Yellow fever outbreak in Nigeria 2018

In Edo State Nigeria, an area endemic for Lassa fever, 14 people with unexplained fever reported to Irrua Specialist Teaching Hospital (ISTH) in the last quarter of 2018. After ruling out infections such as Lassa fever, malaria and typhoid fever, plasma samples were sent to the African Centre of Excellence for Genomics of Infectious Diseases (ACEGID), Redeemer’s University, Ede, Nigeria, for deep sequencing and molecular characterization to determine the etiology of this outbreak. Next generation sequencing was carried out on all the samples, and 4 genomes (2 full and 2 partial) were assembled for yellow fever virus (YFV). Further analysis with RT-qPCR found 9 samples out of 14 to be positive for YFV. Nigeria has well-established vaccination programmes for yellow fever, however there are reports of a YFV outbreak since 2017.

All YFV sequences with geographical locations were obtained from GenBank and aligned with the four sequences from the 2018 outbreak. As at the time of writing this report, only one historical Nigerian whole genome was available. Thus, for this analysis we extracted approximately 680bp of the prM/E region as there are more sequences from Nigeria covering this region.

Figure 1: Maximum likelihood tree of a region of the prM/E gene of 193 YFV sequences. These sequences were aligned using MAFFT v7.310 and tree reconstruction using IQTREE v1.6.1. Old Nigerian sequences (before 1991) are coloured purple and the 2018 sequences are coloured blue.

For high quality version of the tree, see YFV_tree.pdf (233.0 KB)

Phylogenetic analysis shows that the 2018 YFV sequences all clustered together in a separate clade and are most closely related to previous sequences from Senegal. These 2018 Nigerian YFV sequences are far apart from the old Nigerian sequences, implying that the YFV in circulation is genetically different from the previous sequences reported in the country.

These are the first reported full YFV genomes since the beginning of the 2017 outbreak in Nigeria. Efforts are ongoing to better understand the diversity of YFV in the country. We therefore seek to share our pre-publication data and sequences to help the scientific community curtail the outbreak.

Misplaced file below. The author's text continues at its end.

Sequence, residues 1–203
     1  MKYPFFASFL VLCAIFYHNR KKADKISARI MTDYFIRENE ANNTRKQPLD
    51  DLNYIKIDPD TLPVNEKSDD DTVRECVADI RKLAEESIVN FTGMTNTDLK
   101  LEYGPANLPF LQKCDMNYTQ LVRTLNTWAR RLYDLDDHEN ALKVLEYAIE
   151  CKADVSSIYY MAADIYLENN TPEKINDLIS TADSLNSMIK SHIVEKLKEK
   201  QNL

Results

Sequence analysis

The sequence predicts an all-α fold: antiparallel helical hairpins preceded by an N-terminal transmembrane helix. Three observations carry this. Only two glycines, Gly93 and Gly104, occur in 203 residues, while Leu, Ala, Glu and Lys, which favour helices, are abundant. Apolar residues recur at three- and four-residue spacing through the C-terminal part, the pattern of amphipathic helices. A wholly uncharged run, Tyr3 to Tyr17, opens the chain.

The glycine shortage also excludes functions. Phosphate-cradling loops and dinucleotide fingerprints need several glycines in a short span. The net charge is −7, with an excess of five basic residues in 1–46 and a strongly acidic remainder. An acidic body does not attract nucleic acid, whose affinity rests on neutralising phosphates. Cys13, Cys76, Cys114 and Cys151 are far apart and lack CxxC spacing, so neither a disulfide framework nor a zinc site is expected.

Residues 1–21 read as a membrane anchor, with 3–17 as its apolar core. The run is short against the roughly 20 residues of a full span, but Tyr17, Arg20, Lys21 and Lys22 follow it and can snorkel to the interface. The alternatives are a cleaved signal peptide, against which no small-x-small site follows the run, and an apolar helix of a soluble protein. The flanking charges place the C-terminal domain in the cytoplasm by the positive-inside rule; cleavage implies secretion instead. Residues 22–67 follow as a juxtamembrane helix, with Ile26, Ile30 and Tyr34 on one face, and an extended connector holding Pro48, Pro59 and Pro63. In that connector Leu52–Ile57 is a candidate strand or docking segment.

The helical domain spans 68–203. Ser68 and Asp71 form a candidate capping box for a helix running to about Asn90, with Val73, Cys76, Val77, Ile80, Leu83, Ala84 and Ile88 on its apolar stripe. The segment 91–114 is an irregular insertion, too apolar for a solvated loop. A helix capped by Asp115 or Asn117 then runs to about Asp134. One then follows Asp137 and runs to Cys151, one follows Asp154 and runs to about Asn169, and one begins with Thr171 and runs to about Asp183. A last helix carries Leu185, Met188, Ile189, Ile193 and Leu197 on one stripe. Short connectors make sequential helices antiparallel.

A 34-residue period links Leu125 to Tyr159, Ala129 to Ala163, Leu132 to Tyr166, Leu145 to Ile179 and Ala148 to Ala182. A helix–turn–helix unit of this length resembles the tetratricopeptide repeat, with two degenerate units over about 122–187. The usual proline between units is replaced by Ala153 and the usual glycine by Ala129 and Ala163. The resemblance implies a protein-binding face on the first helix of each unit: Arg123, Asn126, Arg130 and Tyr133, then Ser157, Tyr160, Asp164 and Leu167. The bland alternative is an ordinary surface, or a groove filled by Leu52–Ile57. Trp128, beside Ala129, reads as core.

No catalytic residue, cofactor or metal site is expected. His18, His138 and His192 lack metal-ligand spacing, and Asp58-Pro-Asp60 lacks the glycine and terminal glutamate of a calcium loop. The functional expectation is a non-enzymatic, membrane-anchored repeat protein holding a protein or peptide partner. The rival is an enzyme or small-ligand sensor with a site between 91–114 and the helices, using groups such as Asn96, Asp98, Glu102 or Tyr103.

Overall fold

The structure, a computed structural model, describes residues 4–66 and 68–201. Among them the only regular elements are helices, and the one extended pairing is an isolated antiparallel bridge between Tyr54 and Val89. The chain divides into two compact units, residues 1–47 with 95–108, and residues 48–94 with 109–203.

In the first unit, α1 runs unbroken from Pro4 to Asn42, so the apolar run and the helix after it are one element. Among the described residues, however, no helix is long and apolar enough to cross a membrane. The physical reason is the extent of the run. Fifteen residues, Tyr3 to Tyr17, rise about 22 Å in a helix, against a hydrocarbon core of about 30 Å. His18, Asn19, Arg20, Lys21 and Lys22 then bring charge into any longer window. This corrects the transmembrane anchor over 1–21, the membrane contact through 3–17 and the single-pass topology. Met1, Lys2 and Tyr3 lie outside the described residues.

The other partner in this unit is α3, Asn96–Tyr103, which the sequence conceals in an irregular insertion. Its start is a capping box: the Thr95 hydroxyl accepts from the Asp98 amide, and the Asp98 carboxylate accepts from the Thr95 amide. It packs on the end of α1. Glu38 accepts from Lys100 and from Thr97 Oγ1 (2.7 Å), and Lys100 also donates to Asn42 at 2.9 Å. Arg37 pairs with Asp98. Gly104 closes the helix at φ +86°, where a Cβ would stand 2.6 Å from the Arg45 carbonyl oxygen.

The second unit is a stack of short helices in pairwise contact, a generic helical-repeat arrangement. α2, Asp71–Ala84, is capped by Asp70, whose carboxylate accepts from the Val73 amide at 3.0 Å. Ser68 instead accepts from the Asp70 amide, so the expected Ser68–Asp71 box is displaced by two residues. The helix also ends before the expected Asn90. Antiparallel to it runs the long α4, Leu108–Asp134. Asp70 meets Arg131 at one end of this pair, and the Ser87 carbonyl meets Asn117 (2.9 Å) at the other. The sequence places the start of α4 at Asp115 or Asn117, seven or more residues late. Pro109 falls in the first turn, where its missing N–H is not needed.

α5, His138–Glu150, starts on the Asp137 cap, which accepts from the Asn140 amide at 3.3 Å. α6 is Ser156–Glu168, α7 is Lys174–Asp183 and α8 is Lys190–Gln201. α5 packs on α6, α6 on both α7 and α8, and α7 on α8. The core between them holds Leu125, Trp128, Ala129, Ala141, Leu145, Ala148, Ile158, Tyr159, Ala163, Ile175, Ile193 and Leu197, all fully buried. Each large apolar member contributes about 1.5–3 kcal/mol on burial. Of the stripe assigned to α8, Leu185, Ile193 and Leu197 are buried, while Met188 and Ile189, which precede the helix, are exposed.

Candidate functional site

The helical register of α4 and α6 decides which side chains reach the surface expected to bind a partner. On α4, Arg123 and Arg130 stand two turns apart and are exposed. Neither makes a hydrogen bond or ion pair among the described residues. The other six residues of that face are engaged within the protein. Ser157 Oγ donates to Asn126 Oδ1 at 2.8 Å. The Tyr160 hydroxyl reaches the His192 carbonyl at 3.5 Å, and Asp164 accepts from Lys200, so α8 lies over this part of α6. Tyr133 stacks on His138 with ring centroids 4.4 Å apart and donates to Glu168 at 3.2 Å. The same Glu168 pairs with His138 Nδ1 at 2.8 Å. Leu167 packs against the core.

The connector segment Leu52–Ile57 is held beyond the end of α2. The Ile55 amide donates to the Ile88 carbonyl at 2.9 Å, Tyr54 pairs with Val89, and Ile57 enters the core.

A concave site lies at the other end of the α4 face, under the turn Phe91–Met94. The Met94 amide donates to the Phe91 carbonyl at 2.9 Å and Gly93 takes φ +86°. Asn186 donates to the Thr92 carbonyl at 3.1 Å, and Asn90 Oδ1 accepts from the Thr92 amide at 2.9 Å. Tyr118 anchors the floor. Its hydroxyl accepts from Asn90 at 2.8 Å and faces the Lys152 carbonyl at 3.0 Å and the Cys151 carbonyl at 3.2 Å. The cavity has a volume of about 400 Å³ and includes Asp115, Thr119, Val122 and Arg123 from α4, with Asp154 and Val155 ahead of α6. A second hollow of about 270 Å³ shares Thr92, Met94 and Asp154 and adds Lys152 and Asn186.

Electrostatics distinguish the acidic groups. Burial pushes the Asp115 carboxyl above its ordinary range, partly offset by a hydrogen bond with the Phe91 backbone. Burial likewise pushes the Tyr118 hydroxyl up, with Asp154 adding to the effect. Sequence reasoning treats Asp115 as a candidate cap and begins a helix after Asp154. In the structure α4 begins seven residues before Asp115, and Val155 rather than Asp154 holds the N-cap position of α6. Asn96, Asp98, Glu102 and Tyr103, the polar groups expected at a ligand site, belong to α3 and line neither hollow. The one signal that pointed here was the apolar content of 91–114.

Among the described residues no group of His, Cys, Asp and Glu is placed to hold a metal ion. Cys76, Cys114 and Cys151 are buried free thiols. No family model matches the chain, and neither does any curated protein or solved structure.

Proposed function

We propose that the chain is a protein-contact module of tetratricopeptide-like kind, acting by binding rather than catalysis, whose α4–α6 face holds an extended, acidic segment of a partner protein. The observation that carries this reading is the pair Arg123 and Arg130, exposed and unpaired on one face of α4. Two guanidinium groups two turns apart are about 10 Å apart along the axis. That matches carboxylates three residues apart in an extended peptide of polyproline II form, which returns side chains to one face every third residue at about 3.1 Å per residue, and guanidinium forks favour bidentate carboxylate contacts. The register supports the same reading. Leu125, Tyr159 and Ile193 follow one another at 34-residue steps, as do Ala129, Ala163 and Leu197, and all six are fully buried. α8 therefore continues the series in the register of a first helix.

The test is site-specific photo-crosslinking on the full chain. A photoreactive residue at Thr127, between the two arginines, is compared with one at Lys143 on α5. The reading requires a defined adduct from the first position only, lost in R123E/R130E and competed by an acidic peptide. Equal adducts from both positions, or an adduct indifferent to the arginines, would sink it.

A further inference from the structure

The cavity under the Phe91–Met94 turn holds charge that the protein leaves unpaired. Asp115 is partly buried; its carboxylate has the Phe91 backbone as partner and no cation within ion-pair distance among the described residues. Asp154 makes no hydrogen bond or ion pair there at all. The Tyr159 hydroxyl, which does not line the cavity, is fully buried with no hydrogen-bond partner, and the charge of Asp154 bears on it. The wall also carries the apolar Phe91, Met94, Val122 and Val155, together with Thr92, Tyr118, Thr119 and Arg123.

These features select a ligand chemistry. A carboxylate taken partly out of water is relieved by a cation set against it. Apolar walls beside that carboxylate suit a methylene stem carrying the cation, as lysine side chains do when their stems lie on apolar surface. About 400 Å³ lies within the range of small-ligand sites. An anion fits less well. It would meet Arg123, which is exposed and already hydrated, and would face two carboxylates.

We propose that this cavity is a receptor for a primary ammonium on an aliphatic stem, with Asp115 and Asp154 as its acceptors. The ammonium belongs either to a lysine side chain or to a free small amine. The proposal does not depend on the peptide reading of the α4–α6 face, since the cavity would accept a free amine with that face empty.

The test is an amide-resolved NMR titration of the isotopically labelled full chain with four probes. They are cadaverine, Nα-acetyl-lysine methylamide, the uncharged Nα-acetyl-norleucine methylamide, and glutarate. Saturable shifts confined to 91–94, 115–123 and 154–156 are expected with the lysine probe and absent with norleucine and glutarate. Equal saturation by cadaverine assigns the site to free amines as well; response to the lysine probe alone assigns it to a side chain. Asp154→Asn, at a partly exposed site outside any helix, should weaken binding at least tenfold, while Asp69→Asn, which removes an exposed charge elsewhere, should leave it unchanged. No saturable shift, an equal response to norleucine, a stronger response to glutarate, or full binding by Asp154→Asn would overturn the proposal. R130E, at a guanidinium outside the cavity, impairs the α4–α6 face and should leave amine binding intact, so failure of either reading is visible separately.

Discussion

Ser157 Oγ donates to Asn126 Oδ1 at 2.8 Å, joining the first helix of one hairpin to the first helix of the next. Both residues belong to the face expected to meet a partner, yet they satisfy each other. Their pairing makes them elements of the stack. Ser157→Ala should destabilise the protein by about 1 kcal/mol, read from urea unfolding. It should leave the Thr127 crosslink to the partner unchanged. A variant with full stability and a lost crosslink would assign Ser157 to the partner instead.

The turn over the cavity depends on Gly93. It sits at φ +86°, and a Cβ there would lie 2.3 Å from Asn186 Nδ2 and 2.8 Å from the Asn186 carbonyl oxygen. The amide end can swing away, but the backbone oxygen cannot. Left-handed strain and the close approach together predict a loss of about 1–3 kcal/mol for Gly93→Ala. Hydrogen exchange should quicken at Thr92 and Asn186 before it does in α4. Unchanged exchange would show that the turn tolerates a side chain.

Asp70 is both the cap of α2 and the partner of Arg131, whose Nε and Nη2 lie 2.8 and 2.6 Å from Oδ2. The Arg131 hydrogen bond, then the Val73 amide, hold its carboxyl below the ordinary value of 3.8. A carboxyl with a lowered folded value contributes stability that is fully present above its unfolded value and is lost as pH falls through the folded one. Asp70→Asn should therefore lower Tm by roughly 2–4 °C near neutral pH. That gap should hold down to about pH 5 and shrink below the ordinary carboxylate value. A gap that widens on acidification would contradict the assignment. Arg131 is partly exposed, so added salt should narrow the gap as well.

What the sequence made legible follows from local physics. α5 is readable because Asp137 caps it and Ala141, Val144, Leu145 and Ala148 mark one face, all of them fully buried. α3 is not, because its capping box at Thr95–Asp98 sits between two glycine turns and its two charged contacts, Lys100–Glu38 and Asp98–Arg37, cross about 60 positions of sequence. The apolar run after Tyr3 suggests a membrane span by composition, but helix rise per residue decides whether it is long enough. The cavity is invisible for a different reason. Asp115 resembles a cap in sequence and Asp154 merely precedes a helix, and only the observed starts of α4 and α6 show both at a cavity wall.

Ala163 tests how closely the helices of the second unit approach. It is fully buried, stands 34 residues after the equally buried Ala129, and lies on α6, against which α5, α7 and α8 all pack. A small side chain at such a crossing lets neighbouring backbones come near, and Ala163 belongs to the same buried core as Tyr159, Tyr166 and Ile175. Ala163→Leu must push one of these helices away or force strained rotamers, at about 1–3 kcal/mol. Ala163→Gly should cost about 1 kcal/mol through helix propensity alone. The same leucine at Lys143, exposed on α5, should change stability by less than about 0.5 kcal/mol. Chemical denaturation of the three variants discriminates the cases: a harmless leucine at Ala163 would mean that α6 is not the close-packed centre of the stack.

Data availability

All sequences are available at https://github.com/acegid/Yellow_Fever_Sequences

GenBank accession numbers will be shared when available.

Partners and Collaborators

African Centre of Excellence for Genomics of Infectious Diseases (ACEGID), Redeemer’s University, Ede, Osun State

Irrua Specialist Teaching Hospital (ISTH) Edo State, Nigeria

Nigeria Centre for Disease Control (NCDC), Abuja, Nigeria

Redeemer’s University, Ede, Osun State

Broad Institute and Harvard University, Cambridge, MA, USA

Beth Israel Deaconess Medical Center, Boston, MA, USA

Disclaimer and contact information

Please note that these analyses are based on work in progress and should be considered preliminary. Our analyses of these data are ongoing and a publication is in preparation. If you wish to use these data please contact:

Christian Happi, PhD

Professor of Molecular Biology and Genomics

Director, African Center of Excellence for Genomics of Infectious Diseases (ACEGID)

Redeemer’s University

Ede, Osun State, Nigeria

E-mail: happic@run.edu.ng

Website: www.acegid.org

Paul Eniola Oluniyi

PhD student

Redeemer’s University

African Center of Excellence for Genomics of Infectious Diseases (ACEGID)

Ede, Osun State, Nigeria

E-mail: oluniyip@run.edu.ng

Website: www.acegid.org

Thanks for sharing this. Any idea what happened here? Although the coverage of genomic data is not sufficient for robust conclusions on geographic lineages, the data is suggestive of an imported source of the outbreak?

Update on data availability: We report additional eleven genomes from the 2018 outbreak making fifteen (15) genomes in total, available at this link https://github.com/acegid/Yellow_Fever_Sequences/blob/master/YFV_seqs_15.fasta

All fifteen genomes still cluster closely together in a seperate clade and are still more related to previous sequences from Senegal than they are to old Nigerian sequences further strengthening our previous report (https://www.biorxiv.org/content/10.1101/572354v1) that this current outbreak does not descend directlty from Nigerian YFV outbreaks of the last century but is instead part of the broader diversity of current YFV in West Africa.

YFVnewtree.tre.pdf (11.2 KB)